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ITC Limited Exclusion Order in LG Battery Dispute Awaits Presidential Action

Mar. 23, 2021
By: Michael N. Coopersmith


In a recent action initiated by LG Chem, Ltd. of Seoul, South Korea, and LG Chem Michigan, Inc. of Holland (LG), the U.S. International Trade Commission (ITC) found that certain SK Innovation (SK) lithium-ion batteries imported into and for sale within the U.S. were produced utilizing LG trade secrets. . The finding has led the ITC to issue an exclusion order for the items in question, effectively barring them from entering the U.S. customs territory. The products at issue are of particular importance because they are used in electric vehicles and are a necessary component for electric cars to qualify as originating under USMCA.

The action was the result of a Section 337 investigation. Section 337 investigations involve claims concerning intellectual property rights. In the initial complaint, which requested the issuance of a limited exclusion order along with a cease-and-desist order, LG alleged that SK had misappropriated electric vehicle battery trade secret information. In part, LG alleged that SK had stolen trade secret information by strategically hiring former LG scientists and engineers, and then improperly using their knowledge of LG products and processes. LG has alleged that the misappropriation has cost them over $1 billion USD in revenue.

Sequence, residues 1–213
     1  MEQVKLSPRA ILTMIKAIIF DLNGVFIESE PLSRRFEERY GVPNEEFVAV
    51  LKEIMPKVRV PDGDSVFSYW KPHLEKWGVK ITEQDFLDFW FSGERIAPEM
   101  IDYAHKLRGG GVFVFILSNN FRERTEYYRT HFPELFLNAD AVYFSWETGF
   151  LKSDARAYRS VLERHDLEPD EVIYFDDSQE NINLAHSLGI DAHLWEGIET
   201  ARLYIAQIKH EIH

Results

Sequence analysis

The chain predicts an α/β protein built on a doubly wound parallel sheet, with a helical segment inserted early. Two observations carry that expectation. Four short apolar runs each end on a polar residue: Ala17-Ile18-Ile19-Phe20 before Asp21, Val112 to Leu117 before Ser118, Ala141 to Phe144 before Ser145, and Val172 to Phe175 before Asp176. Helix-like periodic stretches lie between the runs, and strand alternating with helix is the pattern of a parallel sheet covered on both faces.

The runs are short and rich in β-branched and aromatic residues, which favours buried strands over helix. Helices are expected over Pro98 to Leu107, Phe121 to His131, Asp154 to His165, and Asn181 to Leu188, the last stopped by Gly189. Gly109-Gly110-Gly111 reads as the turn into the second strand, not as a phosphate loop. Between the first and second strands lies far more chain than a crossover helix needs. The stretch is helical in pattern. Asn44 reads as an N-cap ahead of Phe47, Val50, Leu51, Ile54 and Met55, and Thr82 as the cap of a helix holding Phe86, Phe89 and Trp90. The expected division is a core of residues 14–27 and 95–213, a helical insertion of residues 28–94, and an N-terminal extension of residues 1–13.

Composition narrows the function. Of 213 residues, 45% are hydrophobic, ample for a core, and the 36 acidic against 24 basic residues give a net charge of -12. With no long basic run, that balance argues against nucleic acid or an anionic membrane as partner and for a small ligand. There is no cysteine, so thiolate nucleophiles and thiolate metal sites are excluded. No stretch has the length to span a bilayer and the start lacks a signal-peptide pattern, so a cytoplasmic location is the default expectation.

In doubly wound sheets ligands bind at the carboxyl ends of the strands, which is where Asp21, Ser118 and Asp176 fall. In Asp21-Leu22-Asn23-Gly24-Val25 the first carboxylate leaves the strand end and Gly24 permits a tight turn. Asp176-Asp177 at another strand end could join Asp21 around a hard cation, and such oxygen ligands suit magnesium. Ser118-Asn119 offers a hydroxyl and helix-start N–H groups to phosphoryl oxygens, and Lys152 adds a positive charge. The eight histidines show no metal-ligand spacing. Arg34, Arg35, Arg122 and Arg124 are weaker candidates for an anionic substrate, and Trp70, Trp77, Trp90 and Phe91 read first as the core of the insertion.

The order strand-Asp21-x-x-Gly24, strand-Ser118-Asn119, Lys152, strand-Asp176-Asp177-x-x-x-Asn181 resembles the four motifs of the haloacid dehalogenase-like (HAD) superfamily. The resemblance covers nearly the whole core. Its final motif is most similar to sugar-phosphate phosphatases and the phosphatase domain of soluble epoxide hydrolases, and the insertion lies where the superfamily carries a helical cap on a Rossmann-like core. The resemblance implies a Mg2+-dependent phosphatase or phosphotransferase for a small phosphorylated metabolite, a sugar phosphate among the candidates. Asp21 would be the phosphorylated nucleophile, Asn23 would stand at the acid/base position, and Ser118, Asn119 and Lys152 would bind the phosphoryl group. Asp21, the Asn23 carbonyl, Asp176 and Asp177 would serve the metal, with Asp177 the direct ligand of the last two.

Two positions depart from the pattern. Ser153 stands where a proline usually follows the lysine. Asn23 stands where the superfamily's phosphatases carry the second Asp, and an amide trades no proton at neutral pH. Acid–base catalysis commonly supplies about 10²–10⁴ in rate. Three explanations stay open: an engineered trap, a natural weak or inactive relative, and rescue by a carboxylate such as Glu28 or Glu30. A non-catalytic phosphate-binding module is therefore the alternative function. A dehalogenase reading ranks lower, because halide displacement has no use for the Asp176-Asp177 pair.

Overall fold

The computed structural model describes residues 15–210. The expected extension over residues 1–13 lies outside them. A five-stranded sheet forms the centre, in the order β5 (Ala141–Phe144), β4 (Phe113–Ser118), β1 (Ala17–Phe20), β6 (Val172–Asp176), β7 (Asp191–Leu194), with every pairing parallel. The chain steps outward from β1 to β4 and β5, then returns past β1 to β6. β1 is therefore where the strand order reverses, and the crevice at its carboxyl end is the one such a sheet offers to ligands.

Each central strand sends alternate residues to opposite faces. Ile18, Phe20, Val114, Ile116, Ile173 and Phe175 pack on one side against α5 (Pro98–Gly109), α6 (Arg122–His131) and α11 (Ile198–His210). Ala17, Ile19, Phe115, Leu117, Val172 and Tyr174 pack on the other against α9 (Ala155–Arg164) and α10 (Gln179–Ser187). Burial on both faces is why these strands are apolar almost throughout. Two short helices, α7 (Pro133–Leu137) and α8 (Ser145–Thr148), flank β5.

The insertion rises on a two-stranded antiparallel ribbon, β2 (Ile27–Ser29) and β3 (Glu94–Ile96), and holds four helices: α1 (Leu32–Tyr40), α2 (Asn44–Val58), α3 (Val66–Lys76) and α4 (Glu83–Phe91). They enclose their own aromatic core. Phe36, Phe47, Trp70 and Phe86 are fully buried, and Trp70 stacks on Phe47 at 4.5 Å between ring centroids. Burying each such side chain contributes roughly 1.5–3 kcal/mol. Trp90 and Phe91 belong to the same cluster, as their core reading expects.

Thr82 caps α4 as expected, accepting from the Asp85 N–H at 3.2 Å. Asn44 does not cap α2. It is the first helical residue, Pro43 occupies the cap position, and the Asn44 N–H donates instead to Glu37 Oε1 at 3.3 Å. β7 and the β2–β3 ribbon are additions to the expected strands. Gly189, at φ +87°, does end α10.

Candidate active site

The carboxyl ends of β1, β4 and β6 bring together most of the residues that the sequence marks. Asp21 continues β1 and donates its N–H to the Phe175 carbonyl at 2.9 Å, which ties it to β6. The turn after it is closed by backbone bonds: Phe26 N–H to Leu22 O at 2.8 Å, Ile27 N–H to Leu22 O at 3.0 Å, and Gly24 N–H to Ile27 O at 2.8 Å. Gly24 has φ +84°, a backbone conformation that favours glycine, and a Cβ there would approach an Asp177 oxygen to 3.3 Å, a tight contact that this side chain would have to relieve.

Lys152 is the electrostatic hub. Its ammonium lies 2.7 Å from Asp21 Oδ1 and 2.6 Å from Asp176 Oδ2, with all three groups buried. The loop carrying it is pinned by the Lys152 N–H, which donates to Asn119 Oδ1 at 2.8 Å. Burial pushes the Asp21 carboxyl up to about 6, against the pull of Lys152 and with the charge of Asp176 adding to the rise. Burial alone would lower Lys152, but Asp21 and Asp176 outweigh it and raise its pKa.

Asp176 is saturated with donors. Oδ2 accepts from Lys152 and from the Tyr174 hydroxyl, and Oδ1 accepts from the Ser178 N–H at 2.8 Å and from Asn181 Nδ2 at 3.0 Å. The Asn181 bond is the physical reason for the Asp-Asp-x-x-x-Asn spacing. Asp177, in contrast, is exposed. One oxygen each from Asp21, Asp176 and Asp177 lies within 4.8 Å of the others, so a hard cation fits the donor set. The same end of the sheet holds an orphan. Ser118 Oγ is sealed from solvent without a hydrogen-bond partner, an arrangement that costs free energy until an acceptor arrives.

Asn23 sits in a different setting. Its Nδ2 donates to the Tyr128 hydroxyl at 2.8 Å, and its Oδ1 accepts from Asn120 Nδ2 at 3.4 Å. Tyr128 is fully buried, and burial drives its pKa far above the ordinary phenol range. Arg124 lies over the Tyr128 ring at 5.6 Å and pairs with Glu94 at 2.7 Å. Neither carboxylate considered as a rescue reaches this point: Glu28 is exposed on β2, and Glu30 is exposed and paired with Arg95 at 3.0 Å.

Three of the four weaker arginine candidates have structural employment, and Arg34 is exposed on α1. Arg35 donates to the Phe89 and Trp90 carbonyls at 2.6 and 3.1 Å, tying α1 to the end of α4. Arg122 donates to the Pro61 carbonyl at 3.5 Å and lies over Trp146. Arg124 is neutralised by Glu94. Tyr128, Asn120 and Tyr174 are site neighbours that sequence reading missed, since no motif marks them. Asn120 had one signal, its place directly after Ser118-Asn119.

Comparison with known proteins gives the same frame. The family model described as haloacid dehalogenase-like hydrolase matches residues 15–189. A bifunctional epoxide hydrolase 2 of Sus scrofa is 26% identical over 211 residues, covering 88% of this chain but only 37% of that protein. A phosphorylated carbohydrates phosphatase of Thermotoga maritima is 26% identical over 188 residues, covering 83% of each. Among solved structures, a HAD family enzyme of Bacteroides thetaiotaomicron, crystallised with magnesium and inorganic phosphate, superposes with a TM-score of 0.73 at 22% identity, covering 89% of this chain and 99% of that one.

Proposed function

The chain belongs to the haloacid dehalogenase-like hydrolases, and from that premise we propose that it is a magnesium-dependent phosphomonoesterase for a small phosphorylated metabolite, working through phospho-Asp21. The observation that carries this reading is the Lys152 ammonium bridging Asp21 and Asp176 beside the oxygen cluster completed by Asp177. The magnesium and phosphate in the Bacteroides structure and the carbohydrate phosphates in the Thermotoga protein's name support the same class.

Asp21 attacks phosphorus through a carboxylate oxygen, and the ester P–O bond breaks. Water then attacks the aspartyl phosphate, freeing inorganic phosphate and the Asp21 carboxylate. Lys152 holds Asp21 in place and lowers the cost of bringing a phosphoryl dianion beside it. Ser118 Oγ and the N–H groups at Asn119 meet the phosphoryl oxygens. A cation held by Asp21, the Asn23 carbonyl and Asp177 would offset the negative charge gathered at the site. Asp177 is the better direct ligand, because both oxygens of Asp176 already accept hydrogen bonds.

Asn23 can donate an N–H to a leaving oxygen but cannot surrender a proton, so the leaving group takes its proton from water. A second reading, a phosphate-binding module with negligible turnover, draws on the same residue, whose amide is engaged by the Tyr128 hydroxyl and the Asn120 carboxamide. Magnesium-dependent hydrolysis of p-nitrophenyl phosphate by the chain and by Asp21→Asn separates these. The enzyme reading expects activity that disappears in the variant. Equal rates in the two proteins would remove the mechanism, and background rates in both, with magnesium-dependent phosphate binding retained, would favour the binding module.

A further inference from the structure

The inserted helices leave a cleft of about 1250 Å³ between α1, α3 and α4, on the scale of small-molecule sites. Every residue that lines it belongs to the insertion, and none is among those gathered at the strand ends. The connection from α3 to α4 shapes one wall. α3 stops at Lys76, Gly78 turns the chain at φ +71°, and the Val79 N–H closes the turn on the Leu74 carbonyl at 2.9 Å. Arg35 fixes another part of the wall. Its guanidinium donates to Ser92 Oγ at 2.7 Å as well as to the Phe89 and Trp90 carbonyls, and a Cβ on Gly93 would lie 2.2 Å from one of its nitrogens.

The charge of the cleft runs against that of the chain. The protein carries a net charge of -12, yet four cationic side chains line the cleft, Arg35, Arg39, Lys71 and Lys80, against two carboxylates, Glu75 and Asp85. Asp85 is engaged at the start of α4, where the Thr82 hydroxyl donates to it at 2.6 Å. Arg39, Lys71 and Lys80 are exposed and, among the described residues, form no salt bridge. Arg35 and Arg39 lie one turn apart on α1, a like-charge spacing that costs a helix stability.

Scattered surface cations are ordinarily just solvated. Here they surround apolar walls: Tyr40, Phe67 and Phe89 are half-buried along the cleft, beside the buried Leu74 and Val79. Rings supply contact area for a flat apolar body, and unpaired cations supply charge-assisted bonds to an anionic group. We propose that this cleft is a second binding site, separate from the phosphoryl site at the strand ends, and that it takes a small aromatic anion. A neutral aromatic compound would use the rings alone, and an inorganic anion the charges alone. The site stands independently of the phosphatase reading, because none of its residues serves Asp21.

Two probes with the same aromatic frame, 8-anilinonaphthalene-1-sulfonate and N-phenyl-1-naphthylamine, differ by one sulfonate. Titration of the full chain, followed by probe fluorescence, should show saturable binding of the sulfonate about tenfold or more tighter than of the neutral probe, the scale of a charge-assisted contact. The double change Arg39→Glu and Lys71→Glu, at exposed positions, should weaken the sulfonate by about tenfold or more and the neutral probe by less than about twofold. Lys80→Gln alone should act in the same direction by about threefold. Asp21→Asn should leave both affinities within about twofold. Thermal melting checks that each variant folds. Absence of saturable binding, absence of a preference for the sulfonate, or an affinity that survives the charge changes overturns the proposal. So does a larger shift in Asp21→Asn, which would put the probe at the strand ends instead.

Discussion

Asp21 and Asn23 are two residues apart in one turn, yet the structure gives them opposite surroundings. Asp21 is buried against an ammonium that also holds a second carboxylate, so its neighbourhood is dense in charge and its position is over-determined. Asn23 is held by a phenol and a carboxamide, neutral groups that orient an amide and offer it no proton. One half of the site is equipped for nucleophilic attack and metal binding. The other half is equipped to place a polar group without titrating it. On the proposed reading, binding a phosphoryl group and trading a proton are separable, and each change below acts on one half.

The case has once again shown the ITC to be an attractive forum for foreign companies doing business with U.S. companies. Because an exclusion order can block infringing products from entering the U.S. market, section 337 actions may be used as a powerful tool for complainants looking to litigate trade secret and intellectual property disputes. Due to the comparative speed of a section 337 action, such a strategy often represents an attractive alternative to the U.S. federal court system.

The final ITC exclusion order issued in the LG case is now before the President, awaiting his final approval or denial as required by Section 337. While presidential vetoes of section 337 exclusion orders are rare, the Biden Administration has made it clear that it views an increase in electric vehicle production and adoption as a critical component of its green transportation goals, and SK has argued approval of the exclusion order will negatively impact the ability of U.S. automakers to expand their EV offerings. President Biden is now several weeks into a 60-day window in which he is to decide whether he will approve or deny the final ITC exclusion order. If the President takes no action during the 60-day window, the ITC determination will be deemed to be approved and will become final.

If you have any questions or would like more information about Section 337 investigations do not hesitate to contact an attorney at Barnes, Richardson & Colburn LLP.